Alana Beard’s legacy continues

How the former Mystic’s star’s transition from the game is helping young women

Alana Beard’s legacy continues

“With the second pick of the 2004 WNBA draft, the Washington Mystics select Alana Beard,” announced commissioner Val Ackerman.

The pick was exciting news for the Mystics, who ended the 2003 season last in the Eastern Conference with a 9-25 record. The Mystics had just drafted a star player from Duke who they hoped would turn things around for the team. 

The pick was exciting for Alana Beard, too. 

“At the end of the day, I wanted to just play basketball,” Beard said in an interview with The Eagle. “What I loved is that I was capable of staying on the East Coast, and the fact that I was capable of continuing my career beyond college meant a lot.”

Beard said that during her time with the Mystics, the things she valued the most were the relationships that were built with her teammates.

“I had the privilege of playing with Murriel Page, Chamique Holdsclaw, Nakia Sanford, Chastity Melvin and Taj McWilliams-Franklin,” Beard said. “Those individuals were well into their careers, and very experienced in terms of being a professional. I had those five women to look up to, which I can say really helped me develop as a veteran when it was my time and how I mentored and supported younger individuals.”

Beard immediately dominated in her rookie season with the Mystics. She led the team in steals, assists, blocks and minutes played while starting all 34 games and averaging 13.1 points. Beard set a franchise record for most steals in a season with 69, and was a candidate for both Defensive Player of the Year and Rookie of the Year.

In her next five seasons with the Mystics, Beard led the team in scoring for all five years, was named a WNBA All-Star four times, three of which she was named as starter, earned WNBA All-Defensive Team honors three times and was named to the WNBA All-Defensive First Team once. Beard holds the record for All-Time steals leader in Washington Mystics history.

Beard’s time with the Mystics was only a sign of what was to come.

In 2012, Beard signed with the Los Angeles Sparks. In her time in Los Angeles, Beard was named WNBA All-Defensive First Team four times, named WNBA All-Defensive Second Team once and consecutively named WNBA Defensive Player of the Year in 2017 and 2018. She became a WNBA Champion in 2016 when the Sparks defeated the Minnesota Lynx.

In 2019 Beard played her last season, retiring with 419 games played, 4,740 points, 1,420 rebounds, 1061 assists and 710 steals, placing her 3rd for all-time steals in WNBA history.

Fifteen years and a WNBA legacy later, Beard chose to retire and return to the same city that she started her career in — Washington, D.C.

“I love everything about D.C. I think when you move away, you take for granted the history and the beauty that the city has to offer,” Beard said. “On top of that, it’s the people, it’s the food, it’s the diversity of the landscape that is something that is extremely beneficial, but fortunate to have.”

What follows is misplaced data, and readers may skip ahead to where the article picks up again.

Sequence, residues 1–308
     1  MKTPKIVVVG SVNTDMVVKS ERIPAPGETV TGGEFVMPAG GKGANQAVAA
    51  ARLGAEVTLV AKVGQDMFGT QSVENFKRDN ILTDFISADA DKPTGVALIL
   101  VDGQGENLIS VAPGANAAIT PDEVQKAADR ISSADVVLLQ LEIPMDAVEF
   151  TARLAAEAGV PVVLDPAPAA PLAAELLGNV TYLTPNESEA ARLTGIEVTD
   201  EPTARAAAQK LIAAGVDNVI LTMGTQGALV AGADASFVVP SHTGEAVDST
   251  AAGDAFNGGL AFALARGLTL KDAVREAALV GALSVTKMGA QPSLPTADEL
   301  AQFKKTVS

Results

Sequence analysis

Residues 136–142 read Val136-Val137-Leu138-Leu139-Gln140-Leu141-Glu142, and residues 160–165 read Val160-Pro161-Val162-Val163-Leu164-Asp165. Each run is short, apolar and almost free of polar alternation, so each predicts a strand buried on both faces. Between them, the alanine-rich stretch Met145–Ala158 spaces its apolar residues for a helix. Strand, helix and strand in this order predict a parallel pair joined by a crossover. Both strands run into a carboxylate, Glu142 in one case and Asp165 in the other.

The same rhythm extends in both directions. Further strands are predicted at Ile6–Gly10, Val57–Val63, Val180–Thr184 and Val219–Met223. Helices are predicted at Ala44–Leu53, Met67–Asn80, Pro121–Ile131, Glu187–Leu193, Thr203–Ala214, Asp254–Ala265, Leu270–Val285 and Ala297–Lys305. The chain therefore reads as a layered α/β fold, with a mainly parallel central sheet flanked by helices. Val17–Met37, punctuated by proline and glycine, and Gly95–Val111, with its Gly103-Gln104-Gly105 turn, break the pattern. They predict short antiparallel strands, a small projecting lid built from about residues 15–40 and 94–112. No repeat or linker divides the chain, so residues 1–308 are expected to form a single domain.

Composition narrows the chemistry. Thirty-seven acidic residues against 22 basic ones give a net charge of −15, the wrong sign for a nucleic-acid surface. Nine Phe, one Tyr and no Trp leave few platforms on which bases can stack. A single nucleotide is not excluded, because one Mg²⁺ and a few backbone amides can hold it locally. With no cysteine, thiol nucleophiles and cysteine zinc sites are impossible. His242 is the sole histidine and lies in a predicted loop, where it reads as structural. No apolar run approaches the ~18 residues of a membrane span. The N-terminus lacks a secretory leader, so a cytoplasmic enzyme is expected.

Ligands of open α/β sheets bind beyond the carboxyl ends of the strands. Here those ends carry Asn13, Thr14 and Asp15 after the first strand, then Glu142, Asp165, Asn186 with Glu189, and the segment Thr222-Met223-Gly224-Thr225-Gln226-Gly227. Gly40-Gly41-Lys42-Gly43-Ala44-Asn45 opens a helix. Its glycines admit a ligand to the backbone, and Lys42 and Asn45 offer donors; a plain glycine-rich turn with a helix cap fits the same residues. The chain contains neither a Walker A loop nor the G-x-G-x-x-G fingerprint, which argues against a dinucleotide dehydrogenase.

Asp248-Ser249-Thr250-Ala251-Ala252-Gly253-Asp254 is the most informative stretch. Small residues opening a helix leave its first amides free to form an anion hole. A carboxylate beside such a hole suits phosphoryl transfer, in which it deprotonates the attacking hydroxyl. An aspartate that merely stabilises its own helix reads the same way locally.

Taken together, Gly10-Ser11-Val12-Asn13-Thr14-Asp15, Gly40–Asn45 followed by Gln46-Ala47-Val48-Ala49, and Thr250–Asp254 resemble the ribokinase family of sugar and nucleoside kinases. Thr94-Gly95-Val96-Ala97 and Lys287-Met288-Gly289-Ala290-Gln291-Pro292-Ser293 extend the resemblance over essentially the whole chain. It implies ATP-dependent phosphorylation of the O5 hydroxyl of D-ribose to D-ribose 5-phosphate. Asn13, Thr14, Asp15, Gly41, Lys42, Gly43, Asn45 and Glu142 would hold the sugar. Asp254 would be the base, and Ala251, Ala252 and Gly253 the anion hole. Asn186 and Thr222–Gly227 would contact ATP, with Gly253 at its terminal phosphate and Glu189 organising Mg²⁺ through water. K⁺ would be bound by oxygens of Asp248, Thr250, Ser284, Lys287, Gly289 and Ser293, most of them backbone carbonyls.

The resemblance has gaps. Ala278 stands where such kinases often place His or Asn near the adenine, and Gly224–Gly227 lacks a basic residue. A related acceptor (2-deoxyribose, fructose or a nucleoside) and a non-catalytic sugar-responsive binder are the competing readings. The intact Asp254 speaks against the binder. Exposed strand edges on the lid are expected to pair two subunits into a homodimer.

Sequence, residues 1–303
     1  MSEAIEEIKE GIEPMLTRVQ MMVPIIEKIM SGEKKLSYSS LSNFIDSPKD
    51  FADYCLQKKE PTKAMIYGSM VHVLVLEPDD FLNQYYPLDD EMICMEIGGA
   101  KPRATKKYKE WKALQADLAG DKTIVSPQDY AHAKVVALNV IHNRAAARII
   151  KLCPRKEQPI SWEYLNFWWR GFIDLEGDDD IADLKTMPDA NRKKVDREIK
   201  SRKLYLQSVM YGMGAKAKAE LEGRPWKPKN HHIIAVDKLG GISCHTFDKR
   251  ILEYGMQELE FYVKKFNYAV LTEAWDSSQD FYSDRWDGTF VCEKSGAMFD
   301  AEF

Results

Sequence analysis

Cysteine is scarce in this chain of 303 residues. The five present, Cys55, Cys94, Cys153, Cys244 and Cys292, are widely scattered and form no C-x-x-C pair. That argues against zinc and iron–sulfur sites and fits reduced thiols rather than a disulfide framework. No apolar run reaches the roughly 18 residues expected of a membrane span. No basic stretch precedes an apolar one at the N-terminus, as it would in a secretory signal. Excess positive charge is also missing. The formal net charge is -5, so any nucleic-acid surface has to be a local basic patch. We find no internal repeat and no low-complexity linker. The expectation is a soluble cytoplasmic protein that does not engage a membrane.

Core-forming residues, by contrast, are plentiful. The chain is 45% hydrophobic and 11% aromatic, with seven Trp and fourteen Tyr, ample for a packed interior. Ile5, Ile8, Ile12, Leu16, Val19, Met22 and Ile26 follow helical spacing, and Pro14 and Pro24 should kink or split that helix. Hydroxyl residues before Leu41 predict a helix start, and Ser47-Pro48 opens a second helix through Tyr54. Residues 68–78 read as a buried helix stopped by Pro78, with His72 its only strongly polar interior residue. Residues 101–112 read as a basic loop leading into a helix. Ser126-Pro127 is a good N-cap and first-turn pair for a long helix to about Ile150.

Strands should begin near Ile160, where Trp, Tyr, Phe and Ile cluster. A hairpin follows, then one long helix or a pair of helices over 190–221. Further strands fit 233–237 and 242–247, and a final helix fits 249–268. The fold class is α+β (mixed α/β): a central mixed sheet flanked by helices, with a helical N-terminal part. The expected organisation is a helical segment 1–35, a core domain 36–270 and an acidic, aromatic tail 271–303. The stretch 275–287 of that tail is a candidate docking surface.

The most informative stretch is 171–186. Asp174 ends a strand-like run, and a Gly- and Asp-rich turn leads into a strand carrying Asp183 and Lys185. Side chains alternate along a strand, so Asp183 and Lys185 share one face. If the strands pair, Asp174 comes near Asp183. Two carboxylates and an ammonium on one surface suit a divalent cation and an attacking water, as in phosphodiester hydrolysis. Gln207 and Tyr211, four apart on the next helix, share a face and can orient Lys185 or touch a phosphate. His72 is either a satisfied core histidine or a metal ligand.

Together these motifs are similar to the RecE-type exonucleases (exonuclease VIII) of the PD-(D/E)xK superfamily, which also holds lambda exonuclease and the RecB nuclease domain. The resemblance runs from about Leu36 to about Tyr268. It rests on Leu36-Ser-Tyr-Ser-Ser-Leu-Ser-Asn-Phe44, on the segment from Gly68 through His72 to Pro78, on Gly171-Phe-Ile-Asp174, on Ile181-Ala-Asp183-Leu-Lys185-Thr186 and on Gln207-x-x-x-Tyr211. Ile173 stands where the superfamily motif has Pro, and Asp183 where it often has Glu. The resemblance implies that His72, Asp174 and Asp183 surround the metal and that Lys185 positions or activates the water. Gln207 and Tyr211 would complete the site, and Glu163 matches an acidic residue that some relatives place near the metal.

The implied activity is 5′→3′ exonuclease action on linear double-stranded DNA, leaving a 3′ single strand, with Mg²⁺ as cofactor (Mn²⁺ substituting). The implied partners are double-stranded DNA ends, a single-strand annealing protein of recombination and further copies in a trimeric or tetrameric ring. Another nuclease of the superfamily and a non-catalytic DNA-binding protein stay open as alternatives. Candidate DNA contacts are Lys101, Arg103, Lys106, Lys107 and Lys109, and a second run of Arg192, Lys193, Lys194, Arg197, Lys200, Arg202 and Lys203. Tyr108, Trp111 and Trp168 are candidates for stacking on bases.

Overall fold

Although Beard had a great impact on the court, her legacy extends far beyond the sidelines.

Beard is also the face of a woman-led ownership bid for a WNBA expansion in Oakland. She has partnered with the African American Sports & Entertainment Group in Oakland in an effort to create a Black-owned WNBA franchise. The AASEG won a vote in July 2021 by the Oakland city council, giving them a lease for the Oakland Arena.

“We have had the most women apply for the WNBA draft ever, in the history of the league. And the fact that probably 12, if that, will land a spot on a team is heart breaking. Either the league needs to expand the roster or expand the landscape of the WNBA, because there are so many young women who are working their butts off to achieve their dream of playing in the WNBA and there are only 144 spots available,” Beard said.

Beard said the last few years have indicated that women’s sports are here to stay. She said investing in women’s sports even on the collegiate level is a positive thing for women across all levels of athletics.

“The fact that this year was the first year that the NCAA has received more money and marketing dollars than any other year is a great indication that if you put money behind women, and women in sports, you’re going to get a positive outcome,” Beard said.

Beard also co-founded Transition Play, a program that helps college, pro and recently retired athletes transition into life beyond the game. They help to build and strengthen skills that can be used in the professional world.

Beard said she felt a responsibility  to use the network she built during her playing career to help provide opportunities and access for female athletes that look exactly like her.

“As I went through my journey, you understand that it is a tough transition for anyone, let alone an athlete who’s been playing the game of basketball for a great portion of their life,” Beard said. “The fact that I felt overwhelmed, the fact that I didn’t have the confidence that I wanted to have in this space, considering the amount of preparation I did prior to that transition, was a great indication that a platform that is dedicated to female athletes helping them to transition to life after the game, was needed.”

Beard said because of what female athletes have been through and sacrificed throughout their careers, they are capable of bringing value to any organization.

“I would encourage female athletes to follow their passion, and explore different opportunities that could become new passions,” Beard said. 

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